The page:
"According to another embodiment, the alloy includes titanium at a concentration of from about 48 to about 52 atomic percent, and at least one radiopaque alloying element selected from the group consisting of palladium, platinum and gold, where palladium is at a concentration of from about 15 to about 35 atomic percent, and platinum and gold are at a concentration of from about 10 to about 35 atomic percent. The alloy also includes at least one additional alloying element selected from selected from the group consisting of aluminum, chromium and zirconium, where aluminum and chromium are at a concentration of from over 0 to 2 atomic percent and zirconium is at a concentration of from over 0 to about 6 atomic percent, and the balance of the alloy is nickel.

"According to another embodiment, the alloy consists essentially of titanium at a concentration of from about 48 to about 52 atomic percent; at least one radiopaque alloying element selected from the group consisting of palladium, platinum and gold, where palladium is at a concentration of from about 15 to about 35 atomic percent, and platinum and gold are at a concentration of from about 10 to about 35 atomic percent; at least one additional alloying element selected from the group consisting of iron and cobalt at a concentration of from about 0.5 to about 8 atomic percent; at least one further alloying element selected from the group consisting of aluminum, chromium and zirconium, where aluminum and chromium are at a concentration of from over 0 to about 2 atomic percent, and zirconium is at a concentration of from over 0 to about 6 atomic percent; and nickel and inevitable impurities as a balance.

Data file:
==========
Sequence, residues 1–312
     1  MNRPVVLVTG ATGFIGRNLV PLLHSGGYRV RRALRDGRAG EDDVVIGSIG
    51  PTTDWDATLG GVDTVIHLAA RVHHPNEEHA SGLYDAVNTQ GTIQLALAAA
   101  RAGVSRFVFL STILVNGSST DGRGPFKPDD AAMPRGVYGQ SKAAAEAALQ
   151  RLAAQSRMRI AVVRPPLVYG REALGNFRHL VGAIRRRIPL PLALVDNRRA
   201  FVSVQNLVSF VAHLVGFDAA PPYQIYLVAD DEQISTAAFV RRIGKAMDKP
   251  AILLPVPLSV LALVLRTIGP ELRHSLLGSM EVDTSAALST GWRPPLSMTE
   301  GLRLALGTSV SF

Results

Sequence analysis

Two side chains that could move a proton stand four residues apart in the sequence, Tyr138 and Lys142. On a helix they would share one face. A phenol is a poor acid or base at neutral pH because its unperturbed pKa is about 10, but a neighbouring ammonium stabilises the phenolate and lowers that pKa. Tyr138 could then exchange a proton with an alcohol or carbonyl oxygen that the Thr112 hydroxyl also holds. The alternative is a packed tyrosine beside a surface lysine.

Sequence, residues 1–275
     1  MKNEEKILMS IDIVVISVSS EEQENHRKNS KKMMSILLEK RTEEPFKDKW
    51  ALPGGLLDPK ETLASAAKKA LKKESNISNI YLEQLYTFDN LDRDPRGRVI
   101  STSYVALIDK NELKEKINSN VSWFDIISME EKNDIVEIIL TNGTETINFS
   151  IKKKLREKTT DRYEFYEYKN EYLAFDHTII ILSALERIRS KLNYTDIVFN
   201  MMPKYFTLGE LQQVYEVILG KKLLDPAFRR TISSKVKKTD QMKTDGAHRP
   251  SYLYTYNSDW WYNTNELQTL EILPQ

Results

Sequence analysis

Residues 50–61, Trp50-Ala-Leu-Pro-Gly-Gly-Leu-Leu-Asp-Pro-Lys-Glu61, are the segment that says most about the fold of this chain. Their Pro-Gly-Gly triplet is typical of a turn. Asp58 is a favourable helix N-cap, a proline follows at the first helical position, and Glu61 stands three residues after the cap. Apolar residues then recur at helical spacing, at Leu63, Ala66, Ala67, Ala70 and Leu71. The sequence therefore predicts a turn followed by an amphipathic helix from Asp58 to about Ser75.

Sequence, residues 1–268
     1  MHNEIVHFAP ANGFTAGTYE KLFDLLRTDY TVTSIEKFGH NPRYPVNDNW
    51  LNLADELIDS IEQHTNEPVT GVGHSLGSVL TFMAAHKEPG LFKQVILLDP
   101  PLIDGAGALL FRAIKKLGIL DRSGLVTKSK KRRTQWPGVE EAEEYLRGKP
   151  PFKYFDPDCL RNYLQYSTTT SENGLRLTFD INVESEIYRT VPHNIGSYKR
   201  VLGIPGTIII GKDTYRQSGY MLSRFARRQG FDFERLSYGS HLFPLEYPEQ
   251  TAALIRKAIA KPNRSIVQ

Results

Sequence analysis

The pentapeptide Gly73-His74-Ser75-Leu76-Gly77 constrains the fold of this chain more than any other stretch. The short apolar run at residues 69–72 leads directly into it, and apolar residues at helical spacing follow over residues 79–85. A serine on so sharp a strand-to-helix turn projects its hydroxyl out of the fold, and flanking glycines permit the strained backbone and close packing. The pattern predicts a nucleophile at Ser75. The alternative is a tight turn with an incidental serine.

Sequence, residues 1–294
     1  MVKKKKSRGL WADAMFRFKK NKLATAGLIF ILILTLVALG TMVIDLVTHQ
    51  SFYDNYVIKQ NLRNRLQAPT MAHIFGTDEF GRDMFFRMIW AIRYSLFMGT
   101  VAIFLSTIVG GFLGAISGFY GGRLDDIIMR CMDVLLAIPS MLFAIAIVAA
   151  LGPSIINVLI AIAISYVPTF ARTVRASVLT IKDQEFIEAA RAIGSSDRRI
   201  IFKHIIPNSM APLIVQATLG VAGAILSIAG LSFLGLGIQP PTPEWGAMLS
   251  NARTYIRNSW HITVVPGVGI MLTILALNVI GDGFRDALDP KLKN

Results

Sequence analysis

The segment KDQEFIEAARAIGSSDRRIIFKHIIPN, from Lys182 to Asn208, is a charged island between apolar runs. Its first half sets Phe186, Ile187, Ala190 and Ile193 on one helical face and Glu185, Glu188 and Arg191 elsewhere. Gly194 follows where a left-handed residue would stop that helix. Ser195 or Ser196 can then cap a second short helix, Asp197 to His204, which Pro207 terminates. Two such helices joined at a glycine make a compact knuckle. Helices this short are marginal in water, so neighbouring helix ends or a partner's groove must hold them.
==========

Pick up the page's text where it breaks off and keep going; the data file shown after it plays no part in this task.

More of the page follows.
"According to another embodiment, the alloy includes at least one radiopaque alloying element at a concentration of from about 10 at. % to about 20 at. %, where the radiopaque alloying element is selected from the group consisting of gold, platinum, and palladium. The nickel-titanium alloy also includes at least one additional alloying element selected from the group consisting of aluminum, chromium, cobalt, iron, and zirconium, where the additional alloying element has a concentration of from about 0.5 at. % to about 4 at. %. The alloy includes titanium at a concentration of from about 48 at. % to about 52 at. % and the balance of the alloy is nickel. Preferably, the alloy has a radiopacity greater than that of a binary nickel-titanium alloy and exhibits a recoverable strain of at least about 2% upon removal of a deforming stress at about body temperature.